Troops are divided into patrols of several boys, commonly between six and eight. Each patrol elects a Patrol Leader (PL), who may then appoint an Assistant Patrol Leader (APL). The highest position of responsibility within the troop is that of the Senior Patrol Leader (SPL), elected by the troop at large, followed by his Assistant Senior Patrol Leader (ASPL). ASPLs are appointed by the SPL with the advice of the Scoutmaster. Larger troops may have multiple ASPLs serving simultaneously.

The SPL, ASPL, and Patrol Leaders make up the Patrol Leader's Council (PLC), the governing body of the troop. The SPL is the leader of the troop and the PLC. This group is responsible for organizing meetings, events, and outings. Some troops will include other positions (such as Scribe) on the Patrol Leader's Council. For any particular patrol, the Assistant Patrol Leader fills in when the Patrol Leader is absent.

Non-leadership positions of responsibility include:

  • One or more Quartermasters to keep track of troop-owned camping gear and other equipment
  • Older Scouts may be assigned to patrols as Troop Guides, to instruct the younger boys
  • A Historian to keep troop records
  • A Librarian to keep the troop's library of merit badge handbooks and other official literature
  • A Scribe, whose responsibilities may include taking attendance at meetings, collecting dues, keeping notes at patrol leaders' council meetings, and helping to write a troop newsletter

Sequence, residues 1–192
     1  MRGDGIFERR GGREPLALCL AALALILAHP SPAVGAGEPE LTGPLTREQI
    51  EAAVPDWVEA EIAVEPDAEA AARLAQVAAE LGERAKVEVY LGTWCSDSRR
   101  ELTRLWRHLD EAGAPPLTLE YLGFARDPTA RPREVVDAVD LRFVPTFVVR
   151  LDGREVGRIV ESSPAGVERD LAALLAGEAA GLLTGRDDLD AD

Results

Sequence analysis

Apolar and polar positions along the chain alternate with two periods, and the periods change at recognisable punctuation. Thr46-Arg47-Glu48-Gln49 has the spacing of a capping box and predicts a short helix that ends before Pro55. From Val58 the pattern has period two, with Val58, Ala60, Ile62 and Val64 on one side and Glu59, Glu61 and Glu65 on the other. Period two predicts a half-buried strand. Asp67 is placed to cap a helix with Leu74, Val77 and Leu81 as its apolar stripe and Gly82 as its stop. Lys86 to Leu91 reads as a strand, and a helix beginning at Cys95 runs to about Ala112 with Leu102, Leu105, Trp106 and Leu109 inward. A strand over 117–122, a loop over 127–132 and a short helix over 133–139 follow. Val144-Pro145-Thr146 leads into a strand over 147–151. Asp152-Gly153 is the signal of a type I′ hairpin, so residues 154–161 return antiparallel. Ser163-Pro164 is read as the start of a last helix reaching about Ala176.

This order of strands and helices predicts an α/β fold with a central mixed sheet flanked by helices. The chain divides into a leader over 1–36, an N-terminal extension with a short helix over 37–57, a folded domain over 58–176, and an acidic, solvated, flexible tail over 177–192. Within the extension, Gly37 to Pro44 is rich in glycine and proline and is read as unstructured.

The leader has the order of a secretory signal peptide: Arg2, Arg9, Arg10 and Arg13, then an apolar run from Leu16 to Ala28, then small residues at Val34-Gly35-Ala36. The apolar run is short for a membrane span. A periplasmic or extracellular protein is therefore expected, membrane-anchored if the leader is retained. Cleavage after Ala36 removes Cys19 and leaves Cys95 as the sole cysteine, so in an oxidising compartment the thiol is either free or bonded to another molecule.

• A Bugler to play the troop bugle at flag ceremonies and other appropriate occasions
  • One or two Chaplain's Aides to conduct Scout's Own nondenominational religious services whenever Scouts are at a Scout activity on a Sunday
  • Any older Scout may work with a local Cub Scout Pack as a Den Chief
  • Scouts may volunteer as Junior Assistant Scoutmasters to help the adult leaders with their various tasks.
  • An Order of the Arrow Troop Representative to serve as a liaison between troop members and the local OA lodge.

Troops are grouped into districts covering a small geographical area. Districts are likewise organized into councils. There are over three hundred councils, organized into Regions, subsidiary to the National Council.

Awards, honors and symbolism

The BSA offers many awards and honors, such as:

  • 20, 40, 60 and 100 Nights under the Stars awards (Nights under the Stars include all forms of camping.);
  • 50 Miler awards for hiking or watercraft trips of 50 miles, plus 10 hours of hiking-related community service;